Sandy Springs Auto Shop May Slow Down City Center Plans

Magic Mike’s Automotive in Sandy Springs is eligible to be on the National Register of Historic Places, according to Georgia’s Historic Preservation Division.


The city of Sandy Springs said it’s putting on hold a plan to build two roundabouts and a park where an auto repair shop, Magic Mike’s Automotive on Mount Vernon Highway, is located. 

On Tuesday night, Sandy Springs city council members unveiled new designs and approved $180 million in funding for its City Springs project: a 14-acre site across from the auto shop, which will include a new city hall, performing arts center, studio theater and public park.

The city has put the plans for greenspace where Magic Mike’s Automotive is currently located on hold, because the state’s Historic Preservation Division determined the auto shop was eligible to be listed under the National Register of Historic Places.

Historic Eligibility

The city of Sandy Springs said the 55-year-old building where Magic Mike’s Automotive now operates is not a historic site. But in a state review of the project, the shop on Mount Vernon Highway was flagged as potentially historic.

David Crass, director of the state’s historic preservation division, said the site is eligible for the National Register of Historic Places.

“It is a product of a very significant time in metro Atlanta’s evolution as a city, when widespread use of the automobile really revolutionized the way people lived and related to what used to be the downtown,” Crass said.

Possible Demolition 

The shop recently changed its name from Eddie’s Automotive, but the building has been there since 1961.

The building’s eligibility to be a nationally registered historic building doesn’t prevent the city from tearing it down.

“There is this misconception that being listed on the National Register protects a resource,” Crass said. “It does not. It is just a stamp of approval that says, ‘Yes, the state office and National Park Service affirm that this resource is important and worthy of preservation.’ You could buy a house that’s listed on the National Register today and there would be nothing that would prevent you from doing that.”

Last year, a mansion in Sandy Springs that was on the National Register of Historic Places, was demolished.

State Review Process

Section 106 of the National Historic Preservation Act requires federal agencies and offices to review historic resources with the state when determining the impact of their actions. Crass said this came about after the U.S. Conference of Mayors lobbied Congress for protections against destruction of local resources.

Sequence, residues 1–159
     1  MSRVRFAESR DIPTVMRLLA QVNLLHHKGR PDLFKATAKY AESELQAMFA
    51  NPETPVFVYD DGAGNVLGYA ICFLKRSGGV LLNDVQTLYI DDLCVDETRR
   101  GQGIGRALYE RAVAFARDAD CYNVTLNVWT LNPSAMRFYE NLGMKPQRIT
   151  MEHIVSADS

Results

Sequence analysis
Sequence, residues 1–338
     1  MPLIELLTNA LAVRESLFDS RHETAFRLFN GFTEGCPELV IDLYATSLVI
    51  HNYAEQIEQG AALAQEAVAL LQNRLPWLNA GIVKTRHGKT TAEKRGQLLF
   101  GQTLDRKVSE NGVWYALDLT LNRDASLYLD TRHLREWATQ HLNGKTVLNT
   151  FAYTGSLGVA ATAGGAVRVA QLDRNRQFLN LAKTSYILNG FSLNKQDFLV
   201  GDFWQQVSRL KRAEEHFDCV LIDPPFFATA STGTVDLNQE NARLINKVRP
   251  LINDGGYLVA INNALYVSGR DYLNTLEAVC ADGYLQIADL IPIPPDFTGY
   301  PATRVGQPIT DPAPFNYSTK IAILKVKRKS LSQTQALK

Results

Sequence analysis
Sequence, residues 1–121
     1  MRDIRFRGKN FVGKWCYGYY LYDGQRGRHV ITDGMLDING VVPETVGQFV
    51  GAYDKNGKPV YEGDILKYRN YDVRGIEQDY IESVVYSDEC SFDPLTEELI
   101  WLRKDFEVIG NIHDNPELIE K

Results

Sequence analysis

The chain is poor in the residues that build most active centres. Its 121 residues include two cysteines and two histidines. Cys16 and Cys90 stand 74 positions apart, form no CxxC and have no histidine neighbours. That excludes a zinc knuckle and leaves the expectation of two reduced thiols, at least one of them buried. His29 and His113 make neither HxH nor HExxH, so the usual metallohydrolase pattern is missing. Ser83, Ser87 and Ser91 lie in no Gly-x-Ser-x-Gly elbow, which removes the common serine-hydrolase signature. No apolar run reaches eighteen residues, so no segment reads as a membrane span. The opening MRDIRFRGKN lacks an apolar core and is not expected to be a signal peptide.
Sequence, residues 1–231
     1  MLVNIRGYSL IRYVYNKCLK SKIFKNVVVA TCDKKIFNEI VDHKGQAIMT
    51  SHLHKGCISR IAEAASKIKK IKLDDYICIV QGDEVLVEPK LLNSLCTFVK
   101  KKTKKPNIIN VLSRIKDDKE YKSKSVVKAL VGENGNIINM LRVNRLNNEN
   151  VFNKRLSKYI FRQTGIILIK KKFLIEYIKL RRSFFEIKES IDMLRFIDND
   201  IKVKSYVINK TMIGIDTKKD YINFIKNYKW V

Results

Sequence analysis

“Federal agencies were coming into local communities and carrying out these big federal projects with no regard for historic resources, be they archeological sites or historic buildings and landscapes,” Crass. “So you can think of all the central downtowns that had all those awful HUD low-income housing towers or the interstate highway system.” 

Because the Georgia Department of Transportation is spending federal funds to build the roundabouts near Magic Mike’s Automotive, a review of historic resources was required. 

A consultant for the project did not find any historic resources, but the state’s historic preservation division disagreed. 

“People are used to thinking about historic resources as being plantation house, slave cabins or archeological sites,” Crass said. “It’s really only in the last 10 to 12 years that state historic preservation offices have started looking closely as what we loosely refer to as mid-century modern historic resources. Eddie’s Automotive definitely falls into that timeframe because so much of our landscape in the 1950s and 60s was shaped by the wide availability of cars, which of course is really what drove the development of Sandy Springs and at the other, at that time, close-in suburbs.”

Next Steps

Magic Mike’s Automotive’s eligibility designation by the state means the U.S. Department of Transportation can appeal the designation with the National Park Service or explain why there’s no feasible alternative to its plan. 

“All it simply does is establish a process by which [the Department of Transportation] has to consider the effects of the project on that building and then figure out if there’s a way for them to avoid or minimize those effects,” Crass said.

At the very least, Crass said, federal agencies are asked to take photographs for the historic record.